Todd's splinter group was attached to Major General Sterling Price's raid south of the Missouri River. He functioned as a cavalry scout. Todd died after being shot out of his saddle by a Union sniper, north of Independence, Missouri, a day before the Battle of Westport. Captain William H. "Bill" "Stuart" [Stewart] of Quantrill's Raiders was shot and killed November 1864 in Howard County Missouri as he tried to rob a Union cattle drover.[13] Some of the guerrillas continued under the leadership of Archie Clement. He kept a group together after the war and harassed the Missouri state government during the tumultuous year of 1866. In December 1866, state militiamen killed Clement in Lexington. Several of his men continued as outlaws, emerging in time as the James-Younger Gang. The last survivor of Quantrill's Raiders died in 1940.

In popular culture[edit]

  • The film Dark Command (1940) deals with the fictional William Cantrell's Raiders, also led by a partisan made an officer by the Confederacy.
  • The Audie Murphy film, Kansas Raiders (1950), deals with Quantrill's Raiders in the period immediately after the Civil War, As does Arizona Raiders, also starring Audie Murphy.
  • The film Red Mountain (1951) has a "General" William Quantrill stirring up rebellion in various Indian Nations in 1865.[14]
  • The film The Stranger Wore a Gun (1953) has Randolph Scott playing Jeff Travis, a former spy for Quantrill's Raiders, who rides to Arizona to start a new life, but finds that his reputation has preceded him.
  • Though historically inaccurate, Warner Brothers made a B-Western entitled Quantrill’s Raiders (1958), starring Steve Cochran as a fictionalized hero and with Leo Gordon as the title character.
  • In the film Bandolero! (1968), Mace Bishop (James Stewart) compares his riding with Union General Sherman to his brother Dee Bishop's (Dean Martin) riding with Quantrill as "war versus meanness".
  • In the films True Grit, protagonist Rooster Cogburn (John Wayne in the original 1969 version and Jeff Bridges in the 2010 version) prides himself for having been part of Quantrill's Raiders during the Civil War. He has a cat named General Sterling Price after the notable Confederate general from Missouri.
  • The main character of the film The Outlaw Josey Wales joins Bloody Bill Anderson's unit after his family is murdered by Jayhawkers.
  • season 4 episode 8 of Little House on the Prairie called The Aftermath, was about Jesse James and his brother Frank who holed up in Walnut Grove and references Quantrill's Raiders throughout
  • "Enemy Gold" a 1993 B movie from Andy Sidaris uses the myth of Quantrill's Gold as fuel for the storyline--though the historical connections are thin at best.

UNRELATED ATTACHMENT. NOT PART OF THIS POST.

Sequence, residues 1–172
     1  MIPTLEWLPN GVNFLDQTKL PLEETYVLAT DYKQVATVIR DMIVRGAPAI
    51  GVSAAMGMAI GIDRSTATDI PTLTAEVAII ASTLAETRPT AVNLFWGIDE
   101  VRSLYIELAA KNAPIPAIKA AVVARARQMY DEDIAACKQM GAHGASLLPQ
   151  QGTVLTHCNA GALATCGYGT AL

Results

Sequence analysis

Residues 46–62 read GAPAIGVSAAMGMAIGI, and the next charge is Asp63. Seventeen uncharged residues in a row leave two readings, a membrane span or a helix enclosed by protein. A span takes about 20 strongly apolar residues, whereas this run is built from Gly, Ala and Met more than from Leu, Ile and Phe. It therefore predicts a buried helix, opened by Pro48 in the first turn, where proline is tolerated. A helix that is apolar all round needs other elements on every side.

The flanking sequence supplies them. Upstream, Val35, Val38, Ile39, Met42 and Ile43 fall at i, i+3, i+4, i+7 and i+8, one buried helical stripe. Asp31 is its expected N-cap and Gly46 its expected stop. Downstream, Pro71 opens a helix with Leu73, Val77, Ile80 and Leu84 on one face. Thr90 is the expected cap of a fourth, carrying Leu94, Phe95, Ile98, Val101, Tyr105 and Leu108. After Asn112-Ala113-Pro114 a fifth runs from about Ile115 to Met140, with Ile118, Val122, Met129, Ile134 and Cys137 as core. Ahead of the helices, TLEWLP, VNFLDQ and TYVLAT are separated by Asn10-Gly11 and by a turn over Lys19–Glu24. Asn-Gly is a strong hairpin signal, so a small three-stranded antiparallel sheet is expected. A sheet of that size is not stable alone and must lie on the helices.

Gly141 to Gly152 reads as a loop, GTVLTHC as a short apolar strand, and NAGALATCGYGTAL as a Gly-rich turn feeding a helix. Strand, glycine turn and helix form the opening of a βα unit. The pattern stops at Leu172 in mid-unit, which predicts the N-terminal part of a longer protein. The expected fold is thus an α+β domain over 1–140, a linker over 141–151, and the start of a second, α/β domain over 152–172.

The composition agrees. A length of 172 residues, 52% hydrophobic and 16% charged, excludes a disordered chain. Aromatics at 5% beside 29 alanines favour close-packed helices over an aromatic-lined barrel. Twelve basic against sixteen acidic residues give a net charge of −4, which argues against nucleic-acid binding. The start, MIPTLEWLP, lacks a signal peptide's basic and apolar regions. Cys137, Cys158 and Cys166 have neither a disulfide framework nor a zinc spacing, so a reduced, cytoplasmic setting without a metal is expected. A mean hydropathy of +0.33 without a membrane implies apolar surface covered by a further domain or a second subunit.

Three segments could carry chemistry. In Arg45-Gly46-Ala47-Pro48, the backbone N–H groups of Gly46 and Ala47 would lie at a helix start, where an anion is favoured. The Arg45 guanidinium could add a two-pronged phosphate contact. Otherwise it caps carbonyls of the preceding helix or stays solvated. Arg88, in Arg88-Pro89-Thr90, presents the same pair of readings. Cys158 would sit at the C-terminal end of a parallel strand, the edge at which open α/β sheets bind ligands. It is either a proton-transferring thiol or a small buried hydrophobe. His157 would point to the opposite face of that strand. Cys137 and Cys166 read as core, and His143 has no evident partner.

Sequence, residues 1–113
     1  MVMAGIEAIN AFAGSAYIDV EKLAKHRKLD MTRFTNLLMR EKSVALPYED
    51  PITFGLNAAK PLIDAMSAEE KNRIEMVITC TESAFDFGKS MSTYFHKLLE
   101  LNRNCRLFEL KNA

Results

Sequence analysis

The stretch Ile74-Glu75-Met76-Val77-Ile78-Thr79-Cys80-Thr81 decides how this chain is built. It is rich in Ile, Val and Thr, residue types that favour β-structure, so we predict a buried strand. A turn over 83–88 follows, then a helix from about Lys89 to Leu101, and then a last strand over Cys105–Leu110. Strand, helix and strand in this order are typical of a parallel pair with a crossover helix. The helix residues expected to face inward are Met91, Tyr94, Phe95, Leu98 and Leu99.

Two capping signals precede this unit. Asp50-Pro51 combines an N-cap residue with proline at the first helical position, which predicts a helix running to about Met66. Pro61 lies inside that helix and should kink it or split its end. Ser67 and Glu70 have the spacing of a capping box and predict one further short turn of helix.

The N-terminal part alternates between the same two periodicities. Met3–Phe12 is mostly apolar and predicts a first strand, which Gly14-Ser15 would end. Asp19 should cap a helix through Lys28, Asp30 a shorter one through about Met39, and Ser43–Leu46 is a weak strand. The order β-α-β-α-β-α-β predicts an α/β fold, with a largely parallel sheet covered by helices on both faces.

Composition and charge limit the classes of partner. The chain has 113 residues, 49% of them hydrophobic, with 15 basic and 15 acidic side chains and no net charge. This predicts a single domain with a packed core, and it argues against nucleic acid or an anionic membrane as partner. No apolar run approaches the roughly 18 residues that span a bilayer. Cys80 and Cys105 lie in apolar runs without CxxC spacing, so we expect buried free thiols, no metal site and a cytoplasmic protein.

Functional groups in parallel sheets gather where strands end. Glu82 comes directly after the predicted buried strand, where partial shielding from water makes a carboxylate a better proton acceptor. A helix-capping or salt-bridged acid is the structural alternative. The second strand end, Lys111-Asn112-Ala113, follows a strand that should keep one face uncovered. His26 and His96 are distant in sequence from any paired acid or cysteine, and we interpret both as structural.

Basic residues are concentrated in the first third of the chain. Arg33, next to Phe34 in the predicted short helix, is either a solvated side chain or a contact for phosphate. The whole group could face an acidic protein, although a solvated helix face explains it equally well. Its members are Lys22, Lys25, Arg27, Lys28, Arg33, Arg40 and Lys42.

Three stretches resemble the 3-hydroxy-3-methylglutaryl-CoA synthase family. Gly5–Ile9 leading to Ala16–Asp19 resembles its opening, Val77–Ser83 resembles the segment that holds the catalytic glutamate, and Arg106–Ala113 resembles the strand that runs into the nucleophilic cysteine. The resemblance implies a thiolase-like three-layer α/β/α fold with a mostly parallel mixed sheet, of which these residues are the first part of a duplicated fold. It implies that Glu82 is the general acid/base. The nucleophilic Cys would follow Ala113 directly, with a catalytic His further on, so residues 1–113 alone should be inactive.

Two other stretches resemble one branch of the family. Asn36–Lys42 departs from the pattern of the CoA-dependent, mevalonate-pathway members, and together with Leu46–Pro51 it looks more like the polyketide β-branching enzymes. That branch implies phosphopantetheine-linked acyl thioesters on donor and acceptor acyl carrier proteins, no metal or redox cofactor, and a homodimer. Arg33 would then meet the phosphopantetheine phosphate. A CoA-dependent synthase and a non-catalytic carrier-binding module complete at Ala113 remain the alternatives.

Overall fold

• Ride with the Devil (1999), starring Tobey Maguire and Jewel, depicts Quantrill's Raiders and the Missouri-Kansas conflict.
  • In the 1978 movie Goin' South, Jack Nicholson plays Henry Lloyd Moon, a former member of Quantrill's Raiders.
  • The Lone Ranger episode "The Twisted Track" is about a member of Quantrill's Raiders (William Henry) seeking revenge against a Union officer.
  • The movie The Hateful Eight makes references to the Mannix Marauders, a fictionalized version of Quantrill's Raiders.
  • Season 1, episode 20 of Gunsmoke titled "Reunion '78" shows a survivor of a Quantrill raid ten year earlier seeking revenge on a raider.
  • The 36th album of the American Civil War-themed Belgian Comic Les Tuniques Bleues is entitled Quantrill and concerns the main (Union Army) characters' encounter with Quantrill and his Raiders.

Literary fiction and music[edit]

  • Quantrill's Raiders are a major element in Wildwood Boys (William Morrow, New York; 2000), a biographical novel of "Bloody Bill" Anderson by James Carlos Blake.
  • In the song "Frank and Jesse James" on his 1976 eponymous album, Warren Zevon sings about young Frank and Jesse James when "they joined up with Quantrill" just after "war broke out between the states".[15]

See also[edit]

Notes[edit]

  1. ^ Castel (1997) pp. 1-2
  2. ^ Nevins (1959) pp. 120-129, 310-316
  3. ^ Donald, Baker, and Holt (2001) p. 177. The quote within the larger quote was from Michael Fellman, Inside War: The Guerrilla Conflict in Missouri during the American Civil War, (1989) p. 23.
  4. ^ Nichols, Bruce. Guerrilla Warfare in Civil War Missouri, 1862. McFarland and Company, Inc., 2004, pp. 48-49
  5. ^ Charles D. Collins, Jr.. Battlefield Atlas of Price’s Missouri Expedition of 1864. Fort Leavenworth, KS: Combat Studies Institute Press, 2016, p. 21. ISBN 9781940804279
  6. ^ Schultz (1996) p. 117
  7. ^ Quantrill, William Clarke, by Matthew E. Stanley, Albany State University, Civil War on the Western Border: The Missouri-Kansas Conflict,1855-1865
  8. ^ Keegan 2009, p. 270.
  9. ^ Robert K. Sutton. Stark Mad Abolitionists: Lawrence, Kansas, and the Battle over Slavery in the Civil War Era. New York: Skyhorse Press, 2017.
  10. ^ Casualties are based on the more recent scholarship of Dr. Michael Fellman of Simon Fraser University in Vancouver, Canada. See Fellman (1989) cited above and referenced below, p. 25 and 254.
  11. ^ Wellman, 1961.
  12. ^ A hard history lesson: ‘A Civil War Tragedy’ details 1864 lynching of Collin County judge, sheriff and sheriff’s brother-in-law, McKinney Courier-Gazette, August 30, 2008 Archived
  13. ^ Stewart posthumous portrait
  14. ^ https://www.imdb.com/title/tt0043962/
  15. ^ Frank and Jesse James, by Warren Zevon

References[edit]